Horse Racing Roulette? Santa Anita’s new wager fails to deliver value to bettors

Horse Racing Roulette? Santa Anita’s new wager fails to deliver value to bettors

Santa Anita Park will open the gates for its own winter match on Dec. 26 with a fresh wager called Horse Racing Roulette. I’m not joking.
The new bet will debut as a win-only wager and will be accessible in all races throughout the match that have six or more horses.
Horse Racing Roulette will set horses together and mark them as red, green or black in the monitor program, and payoffs will be made according to the color of the winner and standard pari-mutuel calculations.Here will be the fundamental elements and rules of Horse Racing Roulette in Santa Anita Park:
??? It is a $2 minimum wager, and also the track boasts a reduced 15.43 percent take-out pace.
??? Races must have a minimum of six runners, and horses will be placed into three groups: Red, Black or Green. In most cases, the morning-line favorite is going to be part of the Red Group. The Green Group is going to be jeopardized mostly of longshots.
??? The 3 classes will not have an equal quantity of horses, in most cases.
??? Whichever group contains the race winner, wins that”game” of all Horse Racing Roulette.
??? In the event that all gambling interests are scratched in a color group, betting will be ceased and all wagers refunded.
??? In case of a dead-heat for first position, the swimming pool will be split between the winning classes.
Is Horse Racing Roulette a good idea?
I acknowledge the need for Your Stronach Group, that owns Santa Anita, to recruit new horse players, and I support new ideas that do this. In addition, I get the drift of trying to pull those who have gambled before by enticing them with a familiar wagering game like roulette.
But people who have played roulette are probably attracted by the 35/1 chances of hitting a straight number. By reducing all of the horses in a field to three betting”colors”, the longest price of these color choices won’t be so long. Roulette players will not be racing to the racetrack to play with a roulette wheel with only three betting interests, in which the maximum price of the spin would pay out in 5/1 odds or less.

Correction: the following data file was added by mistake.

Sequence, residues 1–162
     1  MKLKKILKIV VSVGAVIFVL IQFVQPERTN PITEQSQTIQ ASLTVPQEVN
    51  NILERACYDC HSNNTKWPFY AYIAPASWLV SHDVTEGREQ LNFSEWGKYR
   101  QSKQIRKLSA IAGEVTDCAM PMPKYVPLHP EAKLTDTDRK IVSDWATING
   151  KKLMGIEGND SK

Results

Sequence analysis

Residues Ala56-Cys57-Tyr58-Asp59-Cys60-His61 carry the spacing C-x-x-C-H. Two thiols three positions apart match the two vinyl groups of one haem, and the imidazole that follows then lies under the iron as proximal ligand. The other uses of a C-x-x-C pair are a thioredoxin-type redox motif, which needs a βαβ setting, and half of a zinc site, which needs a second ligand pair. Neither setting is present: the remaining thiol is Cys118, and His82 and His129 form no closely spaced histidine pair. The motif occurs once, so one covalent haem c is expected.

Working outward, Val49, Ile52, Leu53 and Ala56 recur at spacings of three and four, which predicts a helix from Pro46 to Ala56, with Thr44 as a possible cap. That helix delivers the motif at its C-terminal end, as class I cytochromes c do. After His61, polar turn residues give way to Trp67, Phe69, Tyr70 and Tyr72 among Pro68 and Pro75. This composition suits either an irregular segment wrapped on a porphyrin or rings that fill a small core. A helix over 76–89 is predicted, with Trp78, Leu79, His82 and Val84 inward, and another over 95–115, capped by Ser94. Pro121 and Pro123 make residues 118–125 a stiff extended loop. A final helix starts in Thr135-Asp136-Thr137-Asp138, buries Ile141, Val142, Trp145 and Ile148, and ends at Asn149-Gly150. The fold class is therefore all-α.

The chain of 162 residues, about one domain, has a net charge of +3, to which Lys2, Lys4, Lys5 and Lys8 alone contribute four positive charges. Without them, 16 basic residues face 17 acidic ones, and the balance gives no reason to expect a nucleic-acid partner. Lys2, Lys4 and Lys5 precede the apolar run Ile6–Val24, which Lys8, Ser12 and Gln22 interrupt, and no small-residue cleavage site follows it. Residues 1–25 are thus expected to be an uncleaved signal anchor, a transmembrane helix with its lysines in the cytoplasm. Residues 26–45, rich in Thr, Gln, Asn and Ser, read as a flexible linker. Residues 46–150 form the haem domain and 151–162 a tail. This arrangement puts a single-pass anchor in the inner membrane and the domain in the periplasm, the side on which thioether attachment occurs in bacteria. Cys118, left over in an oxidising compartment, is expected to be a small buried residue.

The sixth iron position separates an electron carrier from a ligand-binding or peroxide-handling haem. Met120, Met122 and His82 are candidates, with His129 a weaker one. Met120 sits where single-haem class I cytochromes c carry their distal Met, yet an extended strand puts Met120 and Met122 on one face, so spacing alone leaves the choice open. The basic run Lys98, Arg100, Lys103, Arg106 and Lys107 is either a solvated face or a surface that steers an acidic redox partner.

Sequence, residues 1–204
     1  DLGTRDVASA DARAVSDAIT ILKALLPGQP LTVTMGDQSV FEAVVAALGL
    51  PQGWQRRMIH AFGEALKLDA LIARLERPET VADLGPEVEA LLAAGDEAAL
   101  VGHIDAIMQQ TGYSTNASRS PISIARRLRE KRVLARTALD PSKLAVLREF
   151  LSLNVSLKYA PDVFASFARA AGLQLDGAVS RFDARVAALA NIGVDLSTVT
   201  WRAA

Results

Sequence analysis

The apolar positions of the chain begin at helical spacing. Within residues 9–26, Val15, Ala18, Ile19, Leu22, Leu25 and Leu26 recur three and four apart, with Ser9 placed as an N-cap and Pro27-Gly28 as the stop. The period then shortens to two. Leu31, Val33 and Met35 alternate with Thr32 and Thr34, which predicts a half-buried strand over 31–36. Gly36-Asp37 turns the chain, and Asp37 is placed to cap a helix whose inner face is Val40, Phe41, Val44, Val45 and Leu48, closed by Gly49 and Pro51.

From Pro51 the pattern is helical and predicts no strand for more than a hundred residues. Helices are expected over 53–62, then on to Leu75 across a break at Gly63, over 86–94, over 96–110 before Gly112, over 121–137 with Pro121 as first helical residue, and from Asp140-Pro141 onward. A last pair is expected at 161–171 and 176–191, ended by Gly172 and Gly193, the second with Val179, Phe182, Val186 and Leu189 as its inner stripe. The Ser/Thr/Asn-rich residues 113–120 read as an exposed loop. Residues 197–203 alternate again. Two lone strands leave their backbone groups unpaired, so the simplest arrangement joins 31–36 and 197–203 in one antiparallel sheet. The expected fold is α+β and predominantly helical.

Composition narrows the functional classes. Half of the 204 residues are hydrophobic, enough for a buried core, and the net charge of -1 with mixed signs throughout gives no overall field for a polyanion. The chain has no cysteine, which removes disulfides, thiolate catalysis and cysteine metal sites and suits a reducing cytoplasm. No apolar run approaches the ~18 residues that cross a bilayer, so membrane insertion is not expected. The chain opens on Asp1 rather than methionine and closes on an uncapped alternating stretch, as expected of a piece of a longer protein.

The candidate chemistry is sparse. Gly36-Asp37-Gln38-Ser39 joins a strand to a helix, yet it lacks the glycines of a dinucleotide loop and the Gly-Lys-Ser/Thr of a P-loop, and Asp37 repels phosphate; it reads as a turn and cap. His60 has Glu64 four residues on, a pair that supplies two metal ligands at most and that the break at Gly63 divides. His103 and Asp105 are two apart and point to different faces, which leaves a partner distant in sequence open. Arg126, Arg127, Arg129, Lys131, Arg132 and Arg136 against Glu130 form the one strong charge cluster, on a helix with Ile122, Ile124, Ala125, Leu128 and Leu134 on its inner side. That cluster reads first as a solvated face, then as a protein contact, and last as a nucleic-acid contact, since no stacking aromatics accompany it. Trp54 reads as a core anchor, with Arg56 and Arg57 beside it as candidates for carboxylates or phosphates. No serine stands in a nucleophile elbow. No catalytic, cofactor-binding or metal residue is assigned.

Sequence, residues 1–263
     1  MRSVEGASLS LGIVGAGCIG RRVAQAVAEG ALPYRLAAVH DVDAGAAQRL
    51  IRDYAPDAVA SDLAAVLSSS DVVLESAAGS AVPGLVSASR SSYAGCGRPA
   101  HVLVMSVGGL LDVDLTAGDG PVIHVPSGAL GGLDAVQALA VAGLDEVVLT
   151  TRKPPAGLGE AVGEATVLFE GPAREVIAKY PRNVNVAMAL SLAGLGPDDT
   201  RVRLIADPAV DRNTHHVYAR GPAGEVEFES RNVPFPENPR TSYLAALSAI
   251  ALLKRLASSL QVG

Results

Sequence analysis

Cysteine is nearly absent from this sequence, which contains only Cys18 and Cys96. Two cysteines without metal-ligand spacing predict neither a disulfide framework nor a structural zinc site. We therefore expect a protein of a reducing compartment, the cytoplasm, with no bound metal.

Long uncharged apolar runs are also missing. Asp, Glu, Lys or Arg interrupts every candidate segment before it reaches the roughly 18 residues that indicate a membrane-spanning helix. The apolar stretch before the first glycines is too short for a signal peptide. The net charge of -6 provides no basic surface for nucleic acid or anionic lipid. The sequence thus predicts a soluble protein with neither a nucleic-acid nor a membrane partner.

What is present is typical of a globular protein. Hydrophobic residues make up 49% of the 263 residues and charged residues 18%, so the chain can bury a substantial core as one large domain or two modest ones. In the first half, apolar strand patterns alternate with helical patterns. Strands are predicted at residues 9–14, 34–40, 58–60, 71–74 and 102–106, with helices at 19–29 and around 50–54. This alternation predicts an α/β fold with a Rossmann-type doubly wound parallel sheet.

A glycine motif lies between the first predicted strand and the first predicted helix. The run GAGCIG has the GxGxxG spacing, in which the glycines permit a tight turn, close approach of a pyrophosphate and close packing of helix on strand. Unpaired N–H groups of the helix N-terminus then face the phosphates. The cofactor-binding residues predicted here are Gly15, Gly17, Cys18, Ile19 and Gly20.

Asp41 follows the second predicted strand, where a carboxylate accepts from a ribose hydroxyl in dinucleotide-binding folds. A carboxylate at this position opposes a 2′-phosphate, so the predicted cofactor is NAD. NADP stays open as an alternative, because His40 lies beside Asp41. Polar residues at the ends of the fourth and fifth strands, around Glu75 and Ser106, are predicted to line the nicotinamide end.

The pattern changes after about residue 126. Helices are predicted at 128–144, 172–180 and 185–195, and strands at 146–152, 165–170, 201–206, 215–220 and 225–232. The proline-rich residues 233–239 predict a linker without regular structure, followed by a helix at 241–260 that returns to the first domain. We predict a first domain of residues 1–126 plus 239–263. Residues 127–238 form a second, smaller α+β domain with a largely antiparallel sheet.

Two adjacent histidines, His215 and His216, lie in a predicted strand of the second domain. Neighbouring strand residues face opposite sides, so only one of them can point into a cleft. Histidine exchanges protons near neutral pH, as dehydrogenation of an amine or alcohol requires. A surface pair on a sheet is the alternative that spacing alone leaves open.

This”new” wager has a small odor of desperation. There are already lots of wagers on the market, a few for 50 cents, 20 cents and even a dime. A $1 bet with modest payout will not be effective at attracting old or new clients, or perhaps derelict gamblers.
An individual can simply look to the chronic three-horse races that happen almost every day in New York. They generate very little betting interest and extend no worth, and nobody puts much money or effort into betting a three-horse race.
Viable Alternatives?
I would hate to party a notion without providing an alternative solution.
I’ve learned over the years that horse players just want to be acknowledged rather than be mistreated. They need a reason to wager, they demand value and they also like free stuff. How about:
??? A free coupon for a $2 opening Daily Double bet, which could reward the birds with a shot at getting off to a fantastic start with all the track’s money.
??? A handicapping competition every Saturday, where the trail puts up a couple of grand and the bettors match their skills against each other using a mythical $500 bankroll.
??? One day a week when the track guarantees full fields of ten horses in every race. Value is what we search for in a race, and there isn’t any in brief areas.
??? One day a week once the track lowers it’s takeout to 10 per cent, giving bettors a large motive to swarm to the monitor.
??? A pick-6 sequence where players get to pick the 6 races of the selection.
??? A free beer, sexy dog, parking or track program, which may go a very long way in the monitor’s relationship with its clients.
If more people arrived at the racetrack, the magic of thoroughbred racing can do the rest. Tracks need to stop being greedy and realize we are not just going to line up and plunk down our cash, especially when no value is apparent. Three- and four-horse races, 26 percentage takeouts on pick-6 wagers and $20 entry fees before you even make a bet do not exactly put out the welcome mat.
Horse players complain a lot and aren’t easy to please, however, it is feasible for tracks to provide the value they’re looking for. I just don’t believe Horse Racing Roulette is gonna take action.
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